Green Building

Green building has become a popular topic in recent years. So exactly what is it, and why is it important?

We’re used to thinking of energy consumption as related to the cars we drive and other transportation. But 40% of the energy consumed in the United States is used by buildings. So there is a large impact to be made if we can reduce energy usage in our homes and workplaces.

What Is Green Building? And What Isn't It?

  • Energy conservation, which creates lower ongoing costs to operate a home or business, more comfort for the inhabitants, and a more limited temperature swing over the course of a day.
  • Resource conservation, which improves the health of the planet.
  • Improvements to indoor air quality, which improve human health.
  • Refers to a green process, not just a green product.
  • Includes trends in home downsizing and the tiny building movement.
  • Relies upon durability, timeless design, and time-tested design and materials.
  • Is not "green washing".
Back to top

What is "Green Washing"?

Green washing is basically an attempt by a company to present their product or service as green. In reality it is an effort to sell someone more products or services that aren’t green at all. It results in consumers buying things they don’t need, and to over- or mis-consumption.

Remember that having more stuff will not necessarily make you happier. More stuff might make you happier if those things improve the quality of your life, reduce your costs, create less environmental impact, or create more time for you. How do you know if you’ve got too much stuff? A rule of thumb is that if you’ve got to rent space to store all your stuff, you probably have too much stuff!

Back to top

14 Things You Can Do to Make Your Home Greener

  1. Reduce, reuse, and recycle construction materials.
  2. Replace incandescent bulbs with compact fluorescent or LED lighting.
  3. Get a home energy audit by a reputable company.
  4. Insulate the attic of your home in the roof plane.
  5. Seal all points in the house that can leak air, including windows, doors, and fireplaces.
  6. Seal ducts well with mastic, not just tape.
  7. Install a heat recovery ventilator.
  8. Install radiant barrier roof sheathing.
  9. Install light-colored roofing to reflect heat away from the attic.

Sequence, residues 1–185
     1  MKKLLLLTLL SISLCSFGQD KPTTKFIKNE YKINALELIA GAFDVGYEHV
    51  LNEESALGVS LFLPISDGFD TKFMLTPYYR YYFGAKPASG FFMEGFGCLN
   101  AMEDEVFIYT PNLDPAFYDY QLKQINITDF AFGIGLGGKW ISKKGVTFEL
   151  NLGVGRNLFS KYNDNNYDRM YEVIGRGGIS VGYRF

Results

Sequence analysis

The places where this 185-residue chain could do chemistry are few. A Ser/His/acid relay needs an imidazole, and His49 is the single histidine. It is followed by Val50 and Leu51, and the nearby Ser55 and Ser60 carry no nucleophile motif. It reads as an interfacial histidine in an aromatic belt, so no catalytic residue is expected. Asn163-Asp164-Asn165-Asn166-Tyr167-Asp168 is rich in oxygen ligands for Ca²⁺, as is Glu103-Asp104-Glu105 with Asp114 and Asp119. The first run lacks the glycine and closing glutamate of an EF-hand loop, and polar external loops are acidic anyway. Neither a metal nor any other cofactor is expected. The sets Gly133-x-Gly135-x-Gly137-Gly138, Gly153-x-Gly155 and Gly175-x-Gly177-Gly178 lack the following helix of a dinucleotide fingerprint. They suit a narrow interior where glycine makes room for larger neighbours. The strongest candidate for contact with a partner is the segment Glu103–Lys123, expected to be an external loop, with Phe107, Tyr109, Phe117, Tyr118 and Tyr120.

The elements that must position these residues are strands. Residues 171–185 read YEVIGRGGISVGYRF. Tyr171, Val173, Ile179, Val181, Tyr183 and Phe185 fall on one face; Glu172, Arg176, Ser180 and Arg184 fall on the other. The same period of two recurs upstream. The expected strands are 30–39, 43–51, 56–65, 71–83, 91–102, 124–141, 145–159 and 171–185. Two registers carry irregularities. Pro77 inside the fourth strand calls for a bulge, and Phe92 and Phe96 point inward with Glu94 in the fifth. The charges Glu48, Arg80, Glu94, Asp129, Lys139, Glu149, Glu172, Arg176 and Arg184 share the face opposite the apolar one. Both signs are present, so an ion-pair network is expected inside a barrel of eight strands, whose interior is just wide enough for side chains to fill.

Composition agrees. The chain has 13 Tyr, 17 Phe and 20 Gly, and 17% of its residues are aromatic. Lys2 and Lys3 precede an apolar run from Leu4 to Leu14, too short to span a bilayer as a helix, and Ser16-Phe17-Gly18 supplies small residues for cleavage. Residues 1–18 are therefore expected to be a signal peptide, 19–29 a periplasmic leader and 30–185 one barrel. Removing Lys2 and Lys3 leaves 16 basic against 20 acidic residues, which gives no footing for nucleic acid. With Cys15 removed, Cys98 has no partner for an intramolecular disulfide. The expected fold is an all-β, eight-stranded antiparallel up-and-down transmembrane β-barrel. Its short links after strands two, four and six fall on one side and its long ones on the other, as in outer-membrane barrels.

10. Use low VOC paint when painting the interior.
  11. Install hard surface floors such as bamboo, linoleum, cork, or concrete instead of carpeting.
  12. Install energy-efficient appliances, such as refrigerators, dishwashers, washers, dryers, and hot water heaters.
  13. Install water-efficient toilets
  14. Install on-demand water recirculation in conjunction with a tankless water heater, so that water isn’t wasted while it is warming up. These recirculation systems utilize a motion sensor to turn on, take 15-20 seconds to bring the temperature up, can be retrofitted into an existing system, and cost about $800-$1000. They do require an electrical outlet.
Back to top

Ways to Improve Indoor Air Quality

  • Use a low VOC interior paint. Benjamin Moore Aura is one good brand. Use regular paint for outdoor applications.
  • Replace carpets with hard surface floors (wood, cork, integral color concrete)
  • Reduce carpeting. The weight of carpeting increases 5-fold over its life due to absorbed dust, debris, moisture, pets, grime, grease, etc.
  • Install heat recovery ventilation or exhaust fans. You must seal the house first: the attic, crawlspace, chimney flue, flues for the hot water heater, furnace, etc. to prevent the intrusion of dirty air.
  • Open gas cook tops in kitchens are a big source of indoor air pollution. Unburned gas, combustion products, and contaminants in natural gas enter your home this way. These types of cook tops cause 60% of indoor air pollution! Use a hood, or get a magnetic induction cook top instead.
  • Vacuum out debris from the attic and crawlspace to reduce toxic materials, particulates, and dust in your home.
  • Reduce particulates by using a pleated air filter in your HVAC system.
  • Install and use a central vacuum system to exhaust dust to the outside.
  • Vent all combustion gases (range, furnace, and hot water heaters).
  • Use non-formaldehyde wood products and insulation (e.g. no melamine).
  • Reduce moisture levels in your home to reduce mold growth by installing vapor barriers under your house, or dehumidifiers inside or underneath your house. Abate any existing mold by stopping the source of water intrusion and using a qualified contractor to remove and replace infected sheetrock, insulation, and wood.
Back to top

Resource Conservation

  • Recycle as much of the house and construction materials as possible during a remodel, because less transportation is needed, thereby providing an energy savings. In addition, less landfill waste is produced.
  • Use natural materials whenever possible.
  • Instead of paint, use integral color in stucco siding.
  • To minimize construction dust and job site dust, seal off the work area and filter the air while working. Vacuum out all dust before closing up walls.
  • Reuse materials on-site.
  • Using local materials if you can is very important. Cork and bamboo are not local!